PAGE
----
I have no idea what any of this means and my brain is off, but I've noticed that when I use Nizoral for my newfound seborrheic dermatitis on my face, I feel much less brain fog for an hour or two. I think it downregulates IL-1 or something, so is that the same mechanism being discussed here? I've always been confused by it. First I thought washing my face did it, but it only happens when I use Nizoral.
 

borko2100

Senior Member
Messages
156
I have no idea what any of this means and my brain is off, but I've noticed that when I use Nizoral for my newfound seborrheic dermatitis on my face, I feel much less brain fog for an hour or two. I think it downregulates IL-1 or something, so is that the same mechanism being discussed here? I've always been confused by it. First I thought washing my face did it, but it only happens when I use Nizoral.
There might be something to it. Nizoral is used as a hair loss product as well.
 

datadragon

Senior Member
Messages
389
Location
East Coast, USA
I think it downregulates IL-1 or something, so is that the same mechanism being discussed here?
Looks like the active ingredient of Nizoral (Ketoconazole) may work on IL-1A signaling. Ketoconazole, a potent but transient inhibitor of adrenal steroid hormone biosynthesis, inhibited IL-1 alpha induced increases in plasma corticosterone. When ketoconazole at 40 or 60 mg/kg was given l h prior to IL-1«,the IL-1«induced rise in plasma corticosterone was completely abolished. https://pubmed.ncbi.nlm.nih.gov/2369744/

One study demonstrated a 6% incidence of Acute respiratory distress syndrome (ARDS) in patients receiving ketoconazole 200 mg/d (n = 35) versus 31% on placebo (n = 36) (p < 0.01). Another study demonstrated a 15% incidence of ARDS in patients receiving ketoconazole 400 mg/d (n = 26) versus 64% on placebo (n = 28) (p < 0.002), and showed a statistically significant decrease in mortality in the ketoconazole group (15%) versus placebo (39%) (p < 0.05). https://www.researchgate.net/public...ention_of_Acute_Respiratory_Distress_Syndrome

Regarding Dr Phairs latest video about IL-1
This article confirms IL-1 can induce production and release of more IL-1, a process described as an autoinflammatory loop. Anakinra is a bio-engineered form of the naturally occurring interleukin-1 receptor antagonist (IL-1ra) that blocks the action of interleukin-1. It is routinely used in patients with autoimmune and inflammatory disorders and MAS. Within the IL-1 family of cytokines, several inhibitory mechanisms are in place to prevent runaway inflammation induced by IL-1α or IL-1β. The main mechanism is the IL-1 receptor antagonist (IL-1Ra), which blocks the IL-1R1 and prevents binding of IL-1α and IL-1β. In contrast to JAKinibs, anakinra will not directly block the IFN-STAT1/STAT2 pathway critical for host defense against viral infections. Third, in contrast to tocilizumab (an IL-6 inhibitor), it targets and inhibits the core mechanism in the pathogenesis of MAS, namely the hyperactive inflammasome loop https://ccforum.biomedcentral.com/articles/10.1186/s13054-020-03166-0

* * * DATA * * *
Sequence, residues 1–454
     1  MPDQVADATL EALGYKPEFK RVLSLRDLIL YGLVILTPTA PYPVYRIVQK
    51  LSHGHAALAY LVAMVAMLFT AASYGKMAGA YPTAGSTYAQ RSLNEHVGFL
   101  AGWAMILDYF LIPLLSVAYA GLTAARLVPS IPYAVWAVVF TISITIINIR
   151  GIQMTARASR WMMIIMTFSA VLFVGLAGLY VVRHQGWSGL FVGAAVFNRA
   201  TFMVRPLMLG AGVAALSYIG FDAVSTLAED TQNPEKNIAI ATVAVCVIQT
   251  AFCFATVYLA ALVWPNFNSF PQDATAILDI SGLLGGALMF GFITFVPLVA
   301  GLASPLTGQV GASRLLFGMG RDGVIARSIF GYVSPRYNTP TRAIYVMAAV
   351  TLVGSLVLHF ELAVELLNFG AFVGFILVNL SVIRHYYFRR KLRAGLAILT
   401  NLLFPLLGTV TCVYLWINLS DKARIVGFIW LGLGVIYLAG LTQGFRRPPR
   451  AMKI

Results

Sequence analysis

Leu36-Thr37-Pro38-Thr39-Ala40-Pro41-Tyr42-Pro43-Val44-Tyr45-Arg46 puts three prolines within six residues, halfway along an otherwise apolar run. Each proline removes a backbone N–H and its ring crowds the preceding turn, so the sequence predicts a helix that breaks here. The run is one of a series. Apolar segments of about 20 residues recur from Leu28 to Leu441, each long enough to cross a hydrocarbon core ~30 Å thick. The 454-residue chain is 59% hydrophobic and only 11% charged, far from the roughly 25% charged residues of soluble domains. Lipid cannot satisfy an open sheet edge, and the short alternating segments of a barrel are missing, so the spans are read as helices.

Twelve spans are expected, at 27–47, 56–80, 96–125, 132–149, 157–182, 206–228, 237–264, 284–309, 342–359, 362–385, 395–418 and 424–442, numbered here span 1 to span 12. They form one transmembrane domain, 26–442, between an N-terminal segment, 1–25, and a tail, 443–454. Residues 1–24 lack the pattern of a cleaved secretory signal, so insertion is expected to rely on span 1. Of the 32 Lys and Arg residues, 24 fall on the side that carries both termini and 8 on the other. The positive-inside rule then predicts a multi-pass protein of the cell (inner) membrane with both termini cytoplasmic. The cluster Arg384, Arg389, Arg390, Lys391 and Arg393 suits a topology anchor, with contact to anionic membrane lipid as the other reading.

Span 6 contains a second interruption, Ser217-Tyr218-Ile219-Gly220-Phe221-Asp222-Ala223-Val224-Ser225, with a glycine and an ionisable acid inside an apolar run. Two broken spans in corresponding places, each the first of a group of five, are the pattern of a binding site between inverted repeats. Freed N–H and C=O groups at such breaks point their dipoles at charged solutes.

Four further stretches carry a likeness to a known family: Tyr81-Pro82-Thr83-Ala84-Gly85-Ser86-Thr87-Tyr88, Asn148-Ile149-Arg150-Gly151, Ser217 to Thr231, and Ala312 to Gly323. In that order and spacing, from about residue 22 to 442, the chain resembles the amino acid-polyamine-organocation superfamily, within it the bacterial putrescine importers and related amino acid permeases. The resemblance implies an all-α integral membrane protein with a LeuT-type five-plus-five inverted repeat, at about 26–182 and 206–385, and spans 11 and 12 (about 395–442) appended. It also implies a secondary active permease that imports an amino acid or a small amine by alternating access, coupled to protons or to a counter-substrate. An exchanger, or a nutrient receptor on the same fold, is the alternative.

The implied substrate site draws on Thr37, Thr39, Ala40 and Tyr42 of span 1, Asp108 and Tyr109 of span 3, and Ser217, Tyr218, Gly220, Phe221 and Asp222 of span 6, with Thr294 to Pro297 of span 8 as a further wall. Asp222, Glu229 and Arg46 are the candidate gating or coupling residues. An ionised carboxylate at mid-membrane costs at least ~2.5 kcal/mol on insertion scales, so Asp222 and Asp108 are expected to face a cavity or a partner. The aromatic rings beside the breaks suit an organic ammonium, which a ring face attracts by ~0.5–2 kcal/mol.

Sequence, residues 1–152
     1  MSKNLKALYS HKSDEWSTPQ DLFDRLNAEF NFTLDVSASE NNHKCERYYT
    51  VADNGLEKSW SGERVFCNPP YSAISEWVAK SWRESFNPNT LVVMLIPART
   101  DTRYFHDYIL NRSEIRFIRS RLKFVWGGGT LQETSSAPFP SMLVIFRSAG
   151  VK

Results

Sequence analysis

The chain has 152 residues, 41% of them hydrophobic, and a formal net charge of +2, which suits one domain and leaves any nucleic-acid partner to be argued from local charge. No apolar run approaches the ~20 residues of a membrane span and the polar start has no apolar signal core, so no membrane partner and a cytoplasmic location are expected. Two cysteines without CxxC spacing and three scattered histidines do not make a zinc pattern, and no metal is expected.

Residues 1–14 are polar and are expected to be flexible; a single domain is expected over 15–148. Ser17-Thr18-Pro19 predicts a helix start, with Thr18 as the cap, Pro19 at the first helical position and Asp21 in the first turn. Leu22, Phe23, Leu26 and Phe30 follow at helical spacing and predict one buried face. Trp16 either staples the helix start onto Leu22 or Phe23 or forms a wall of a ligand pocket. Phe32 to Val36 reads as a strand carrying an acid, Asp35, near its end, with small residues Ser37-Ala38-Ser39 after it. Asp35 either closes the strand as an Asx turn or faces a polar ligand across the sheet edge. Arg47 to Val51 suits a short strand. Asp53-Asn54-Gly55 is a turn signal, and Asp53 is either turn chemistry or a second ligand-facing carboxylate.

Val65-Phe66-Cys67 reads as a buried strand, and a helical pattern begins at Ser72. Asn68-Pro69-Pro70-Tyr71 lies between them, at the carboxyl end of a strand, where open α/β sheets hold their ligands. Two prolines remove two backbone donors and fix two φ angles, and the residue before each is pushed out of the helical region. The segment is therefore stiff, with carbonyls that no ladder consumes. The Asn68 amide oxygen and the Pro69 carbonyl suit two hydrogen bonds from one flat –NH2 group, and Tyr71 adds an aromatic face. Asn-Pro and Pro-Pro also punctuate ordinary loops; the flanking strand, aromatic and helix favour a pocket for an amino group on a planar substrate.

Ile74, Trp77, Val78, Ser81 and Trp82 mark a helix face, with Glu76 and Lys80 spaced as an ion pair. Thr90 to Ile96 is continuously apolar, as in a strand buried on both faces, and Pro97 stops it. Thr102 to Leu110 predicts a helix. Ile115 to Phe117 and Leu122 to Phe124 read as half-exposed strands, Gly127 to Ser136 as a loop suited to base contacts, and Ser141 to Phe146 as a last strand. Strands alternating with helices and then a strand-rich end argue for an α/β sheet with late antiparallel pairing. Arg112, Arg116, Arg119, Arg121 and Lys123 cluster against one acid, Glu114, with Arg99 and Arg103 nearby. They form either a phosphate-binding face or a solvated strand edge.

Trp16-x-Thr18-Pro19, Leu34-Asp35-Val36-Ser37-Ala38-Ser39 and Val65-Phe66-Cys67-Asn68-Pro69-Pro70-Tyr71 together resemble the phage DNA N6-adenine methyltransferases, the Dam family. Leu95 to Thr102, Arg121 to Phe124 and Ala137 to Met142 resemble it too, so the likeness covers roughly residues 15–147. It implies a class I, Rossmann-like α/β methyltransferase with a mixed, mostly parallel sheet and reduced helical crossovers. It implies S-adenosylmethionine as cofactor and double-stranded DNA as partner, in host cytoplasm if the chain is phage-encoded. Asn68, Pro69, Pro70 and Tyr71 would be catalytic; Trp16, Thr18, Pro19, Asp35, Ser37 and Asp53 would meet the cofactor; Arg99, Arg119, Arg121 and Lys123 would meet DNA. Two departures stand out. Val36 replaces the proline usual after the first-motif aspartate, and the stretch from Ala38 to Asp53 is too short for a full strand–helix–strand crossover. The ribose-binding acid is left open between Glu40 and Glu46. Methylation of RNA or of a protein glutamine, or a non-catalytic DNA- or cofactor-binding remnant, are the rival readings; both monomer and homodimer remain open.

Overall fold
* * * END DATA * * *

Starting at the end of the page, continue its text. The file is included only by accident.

This one metions neutralization of IL-1α inhibits the antiviral activity of IFN-γ by 90%, whereas no inhibition of type I IFN activity was observed. Indeed, the antiviral activity of IFN-γ depends largely on the basal level of NF-κB, which is maintained by constitutively expressed IL-1α. https://www.sciencedirect.com/science/article/pii/S1568997221000227#s0070
 
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datadragon

Senior Member
Messages
389
Location
East Coast, USA
Vitamin K2 affected the expression of proinflammatory cytokines during inflammation and infection, the MK-7 form of vitamin K2 is able to dose dependently inhibit TNF-a, IL-1a, and IL-1b gene expression. Vitamin K has been shown to act as an anti-inflammatory by suppressing nuclear factor B (NF-B) signal transduction and to exert a protective effect against oxidative stress by blocking the generation of reactive oxygen species . https://www.ncbi.nlm.nih.gov/pmc/articles/PMC6747195/